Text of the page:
weather, and she was in high spirits.
Various college dignitaries met her at the station; one of these had given up a suite of rooms for her use; she was soon established in much peace and comfort.
Wednesday, October 5, was a day of perfect autumn beauty.
She was early dressed in her white dress, with the college gown of rich black silk over it, the “mortarboard” covering in like manner her white lace cap. Thus arrayed, a wheeled chair conveyed her to the great hall, already packed with visitors and graduates, as was the deep platform with college officials and guests of honor.
Opposite the platform, as if hung in air, a curving gallery was filled with white-clad girls, some two thousand of them; as she entered they rose like a flock of doves, and with them the whole audience.
They rose once more when her name was called, last in the list of those honored with degrees; and as she came forward, the organ pealed, and the great chorus of fresh young voices broke out with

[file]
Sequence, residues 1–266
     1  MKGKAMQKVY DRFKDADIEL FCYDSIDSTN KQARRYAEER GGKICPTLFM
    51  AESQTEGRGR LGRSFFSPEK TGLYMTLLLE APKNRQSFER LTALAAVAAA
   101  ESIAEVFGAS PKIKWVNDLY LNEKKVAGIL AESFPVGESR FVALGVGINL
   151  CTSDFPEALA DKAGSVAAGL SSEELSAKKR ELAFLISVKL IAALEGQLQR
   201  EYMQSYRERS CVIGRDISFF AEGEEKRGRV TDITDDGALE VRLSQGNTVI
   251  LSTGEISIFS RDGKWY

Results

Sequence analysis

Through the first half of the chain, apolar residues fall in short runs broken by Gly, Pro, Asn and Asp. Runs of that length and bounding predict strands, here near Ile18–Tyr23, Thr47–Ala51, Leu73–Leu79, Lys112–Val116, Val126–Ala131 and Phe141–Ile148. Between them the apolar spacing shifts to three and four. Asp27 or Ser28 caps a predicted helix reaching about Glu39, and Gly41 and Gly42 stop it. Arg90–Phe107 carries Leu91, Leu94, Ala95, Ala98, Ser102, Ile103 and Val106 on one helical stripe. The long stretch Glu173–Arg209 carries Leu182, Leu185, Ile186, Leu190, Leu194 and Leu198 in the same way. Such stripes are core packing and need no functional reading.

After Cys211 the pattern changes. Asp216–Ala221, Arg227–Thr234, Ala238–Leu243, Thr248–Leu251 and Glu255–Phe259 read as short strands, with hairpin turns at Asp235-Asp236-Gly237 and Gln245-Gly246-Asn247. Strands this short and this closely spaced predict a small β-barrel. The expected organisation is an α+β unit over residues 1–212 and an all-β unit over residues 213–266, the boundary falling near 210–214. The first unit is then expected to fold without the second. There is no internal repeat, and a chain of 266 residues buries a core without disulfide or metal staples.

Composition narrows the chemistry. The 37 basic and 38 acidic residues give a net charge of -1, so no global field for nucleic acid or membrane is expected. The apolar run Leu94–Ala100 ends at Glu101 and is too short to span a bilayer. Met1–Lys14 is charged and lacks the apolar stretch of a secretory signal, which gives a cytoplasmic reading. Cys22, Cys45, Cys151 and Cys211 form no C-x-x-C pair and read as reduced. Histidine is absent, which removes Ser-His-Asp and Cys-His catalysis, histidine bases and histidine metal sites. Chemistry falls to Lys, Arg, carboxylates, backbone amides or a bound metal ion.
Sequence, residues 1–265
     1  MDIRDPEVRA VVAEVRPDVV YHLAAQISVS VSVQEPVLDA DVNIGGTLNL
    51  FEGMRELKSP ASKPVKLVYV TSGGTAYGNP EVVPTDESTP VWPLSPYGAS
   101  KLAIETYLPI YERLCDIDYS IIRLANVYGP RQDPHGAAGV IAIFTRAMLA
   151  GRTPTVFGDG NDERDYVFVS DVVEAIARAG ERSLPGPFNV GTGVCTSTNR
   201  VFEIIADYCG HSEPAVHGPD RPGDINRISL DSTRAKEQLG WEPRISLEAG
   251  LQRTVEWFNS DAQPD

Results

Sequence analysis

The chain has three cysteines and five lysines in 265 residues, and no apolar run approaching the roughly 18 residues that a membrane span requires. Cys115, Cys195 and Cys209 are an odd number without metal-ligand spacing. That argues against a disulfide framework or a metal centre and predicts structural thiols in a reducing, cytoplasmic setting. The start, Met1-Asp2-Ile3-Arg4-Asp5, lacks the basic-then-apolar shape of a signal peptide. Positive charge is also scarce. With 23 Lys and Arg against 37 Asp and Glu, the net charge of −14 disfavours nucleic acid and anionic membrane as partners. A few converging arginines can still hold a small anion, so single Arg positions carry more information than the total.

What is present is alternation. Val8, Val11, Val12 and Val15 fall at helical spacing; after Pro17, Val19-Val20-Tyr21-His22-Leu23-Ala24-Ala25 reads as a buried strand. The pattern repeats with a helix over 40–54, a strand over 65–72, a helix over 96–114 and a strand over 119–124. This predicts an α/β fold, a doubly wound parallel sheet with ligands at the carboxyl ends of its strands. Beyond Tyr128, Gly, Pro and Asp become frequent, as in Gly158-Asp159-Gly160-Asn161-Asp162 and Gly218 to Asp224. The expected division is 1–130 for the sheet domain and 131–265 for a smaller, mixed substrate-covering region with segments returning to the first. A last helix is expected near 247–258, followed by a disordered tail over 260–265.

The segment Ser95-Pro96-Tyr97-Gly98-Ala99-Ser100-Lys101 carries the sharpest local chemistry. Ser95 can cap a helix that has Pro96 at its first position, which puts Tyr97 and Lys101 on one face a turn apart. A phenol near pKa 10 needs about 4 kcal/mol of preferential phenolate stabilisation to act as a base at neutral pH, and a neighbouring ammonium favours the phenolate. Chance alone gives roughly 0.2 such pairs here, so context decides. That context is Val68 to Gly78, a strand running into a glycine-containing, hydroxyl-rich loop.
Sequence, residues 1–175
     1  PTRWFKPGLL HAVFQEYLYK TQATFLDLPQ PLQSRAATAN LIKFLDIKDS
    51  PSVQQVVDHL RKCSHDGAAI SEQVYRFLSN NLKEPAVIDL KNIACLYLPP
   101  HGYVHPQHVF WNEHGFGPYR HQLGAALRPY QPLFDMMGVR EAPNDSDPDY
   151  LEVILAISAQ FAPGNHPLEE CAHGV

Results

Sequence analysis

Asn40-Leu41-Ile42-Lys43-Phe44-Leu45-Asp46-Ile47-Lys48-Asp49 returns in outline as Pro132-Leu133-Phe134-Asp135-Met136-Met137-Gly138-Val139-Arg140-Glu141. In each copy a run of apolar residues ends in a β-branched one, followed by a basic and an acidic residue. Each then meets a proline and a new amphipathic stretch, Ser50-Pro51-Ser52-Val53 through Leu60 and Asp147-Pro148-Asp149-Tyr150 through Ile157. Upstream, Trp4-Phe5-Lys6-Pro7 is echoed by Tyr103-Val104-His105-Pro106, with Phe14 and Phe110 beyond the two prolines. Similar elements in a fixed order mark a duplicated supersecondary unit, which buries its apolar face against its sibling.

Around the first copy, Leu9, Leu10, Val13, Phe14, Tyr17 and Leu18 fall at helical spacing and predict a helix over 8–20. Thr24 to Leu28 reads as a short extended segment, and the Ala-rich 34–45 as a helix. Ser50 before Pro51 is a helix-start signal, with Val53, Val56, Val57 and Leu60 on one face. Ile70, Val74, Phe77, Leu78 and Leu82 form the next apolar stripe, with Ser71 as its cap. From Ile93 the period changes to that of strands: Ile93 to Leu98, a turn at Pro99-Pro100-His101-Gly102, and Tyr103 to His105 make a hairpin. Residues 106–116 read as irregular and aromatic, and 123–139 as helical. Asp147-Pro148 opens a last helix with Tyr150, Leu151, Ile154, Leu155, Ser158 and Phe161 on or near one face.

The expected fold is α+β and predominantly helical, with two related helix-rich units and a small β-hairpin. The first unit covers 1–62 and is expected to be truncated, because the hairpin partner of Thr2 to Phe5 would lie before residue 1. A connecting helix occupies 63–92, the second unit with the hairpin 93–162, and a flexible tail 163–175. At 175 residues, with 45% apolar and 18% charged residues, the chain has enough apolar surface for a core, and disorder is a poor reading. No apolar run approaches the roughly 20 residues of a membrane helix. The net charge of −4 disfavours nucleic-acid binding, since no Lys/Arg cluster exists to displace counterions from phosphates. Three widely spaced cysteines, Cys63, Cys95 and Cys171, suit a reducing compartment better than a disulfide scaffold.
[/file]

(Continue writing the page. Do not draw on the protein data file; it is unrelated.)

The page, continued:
“Mine eyes have seen the glory of the coming of the Lord
It was the last time.
Later in the day the students of Chapin House brought their guest-book, begging for her autograph.
She looked at Laura with a twinkle.
“Do you think they would like me to write something?”
Assured on that point, she waited a moment, and then wrote after her signature,--
Wandered to Smith College
In pursuit of knowledge;
Leaves so much the wiser,
Nothing can surprise her!